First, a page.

Each day, I skim through the headlines of the Aspen Institute’s Five Best Ideas of the Day newsletter. One caught my eye this morning:
The premise is unnervingly true. Caring less is the cultural aspiration du jour in a time when many of us are suffering from outrage fatigue. The “zero fucks given” meme entered internet vernacular in late 2010 and surged during the last election season:
The Subtle Art of Not Giving a F*ck has sold over a million copies, is a New York Times #1 Bestseller, and has spent 29 weeks on Amazon’s Most Read Nonfiction Chart, where it currently occupies the #1 spot.
I lead a startup focused on education resource equity where there is no shortage of outrage about the status quo. We care deeply about the injustices, inefficiencies, and inequities we witness every day – in the education system and as a woman-led startup. We would love to care less. If I cared less, maybe I could lay off the antacid, sleep well, lose 10 pounds, and have some emotional capacity left over for personal relationships.
We fantasize about this so often that my business partner and I have even dreamed up a fictional business that we could run without caring at all: a personalized nail-polish business called Nailed.it. Oh, to run a business with products of zero consequence.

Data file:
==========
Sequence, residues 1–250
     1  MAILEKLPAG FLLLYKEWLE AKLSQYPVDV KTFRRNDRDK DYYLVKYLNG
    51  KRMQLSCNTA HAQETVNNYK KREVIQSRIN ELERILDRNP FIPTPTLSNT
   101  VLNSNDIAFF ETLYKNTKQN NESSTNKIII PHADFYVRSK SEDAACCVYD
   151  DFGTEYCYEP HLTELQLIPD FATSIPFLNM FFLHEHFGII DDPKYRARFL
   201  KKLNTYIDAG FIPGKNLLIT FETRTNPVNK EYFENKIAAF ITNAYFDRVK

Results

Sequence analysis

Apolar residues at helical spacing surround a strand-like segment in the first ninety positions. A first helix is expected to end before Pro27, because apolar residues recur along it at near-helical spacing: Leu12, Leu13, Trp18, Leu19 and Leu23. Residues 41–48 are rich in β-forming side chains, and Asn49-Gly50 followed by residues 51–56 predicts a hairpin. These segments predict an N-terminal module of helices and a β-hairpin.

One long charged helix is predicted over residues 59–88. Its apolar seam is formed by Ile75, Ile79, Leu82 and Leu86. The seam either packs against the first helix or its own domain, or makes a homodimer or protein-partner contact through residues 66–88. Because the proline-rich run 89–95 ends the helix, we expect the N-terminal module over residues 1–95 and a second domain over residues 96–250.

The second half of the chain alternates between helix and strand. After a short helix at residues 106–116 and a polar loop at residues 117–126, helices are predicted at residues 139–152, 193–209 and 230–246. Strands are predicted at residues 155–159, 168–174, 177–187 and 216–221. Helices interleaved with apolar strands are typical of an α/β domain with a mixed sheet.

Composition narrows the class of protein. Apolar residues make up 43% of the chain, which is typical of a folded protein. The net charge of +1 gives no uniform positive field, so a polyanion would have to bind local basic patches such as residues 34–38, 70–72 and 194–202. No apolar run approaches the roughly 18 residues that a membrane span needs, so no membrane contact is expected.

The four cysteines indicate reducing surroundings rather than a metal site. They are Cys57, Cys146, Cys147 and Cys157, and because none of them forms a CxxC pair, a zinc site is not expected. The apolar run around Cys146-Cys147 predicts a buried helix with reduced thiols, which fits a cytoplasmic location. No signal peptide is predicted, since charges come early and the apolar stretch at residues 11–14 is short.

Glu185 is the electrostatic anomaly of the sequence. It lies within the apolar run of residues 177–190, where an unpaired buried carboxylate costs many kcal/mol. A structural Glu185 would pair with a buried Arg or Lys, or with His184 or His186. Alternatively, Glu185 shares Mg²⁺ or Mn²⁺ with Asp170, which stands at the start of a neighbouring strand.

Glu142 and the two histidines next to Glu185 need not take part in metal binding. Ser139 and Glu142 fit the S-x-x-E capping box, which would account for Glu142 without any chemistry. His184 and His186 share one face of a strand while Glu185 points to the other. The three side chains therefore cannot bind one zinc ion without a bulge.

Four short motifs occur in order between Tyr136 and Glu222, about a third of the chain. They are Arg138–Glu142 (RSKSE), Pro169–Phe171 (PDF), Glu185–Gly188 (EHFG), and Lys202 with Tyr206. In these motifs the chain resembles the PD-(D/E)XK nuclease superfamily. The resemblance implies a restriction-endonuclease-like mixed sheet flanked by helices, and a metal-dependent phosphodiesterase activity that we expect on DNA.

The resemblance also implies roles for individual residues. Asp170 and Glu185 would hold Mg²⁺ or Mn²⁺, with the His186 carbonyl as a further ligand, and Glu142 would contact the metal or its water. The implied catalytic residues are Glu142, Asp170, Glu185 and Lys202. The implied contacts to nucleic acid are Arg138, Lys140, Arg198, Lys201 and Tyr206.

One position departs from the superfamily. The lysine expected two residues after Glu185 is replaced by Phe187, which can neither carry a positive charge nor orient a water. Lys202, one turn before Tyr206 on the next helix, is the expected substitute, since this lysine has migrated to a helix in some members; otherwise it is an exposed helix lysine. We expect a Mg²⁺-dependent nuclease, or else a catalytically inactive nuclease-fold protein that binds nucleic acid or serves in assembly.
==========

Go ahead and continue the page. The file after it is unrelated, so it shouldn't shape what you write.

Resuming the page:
Here’s the ugly truth about progress: if those driving it cared less, we wouldn’t make any. Social impact work is difficult, enraging, slow, and often thankless. As Dr. Seuss tells us, one has to care a whole awful lot to make change in this world.
While we make jokes and wish for occasional relief from the crushing anxiety of caring so much, I don’t want to live in a world where people doing important social work care less. I do not want to live in a world where people doing the grueling unhappy work to cure disease or educate children or develop clean energy solutions or alleviate poverty or advocate for civil rights wake up in the morning and ponder, “Maybe a nice forest-bath today.” I want to live in a world where people wake up angry and go to work.
When I feel depleted and daunted and start daydreaming about a happy, care-free life, I remind myself of this passage from Brave New World:
“But I don’t want comfort. I want God, I want poetry, I want real danger, I want freedom, I want goodness. I want sin.”
“In fact,” said Mustapha Mond, “you’re claiming the right to be unhappy.”
“All right then,” the Savage said defiantly, “I’m claiming the right to be unhappy.”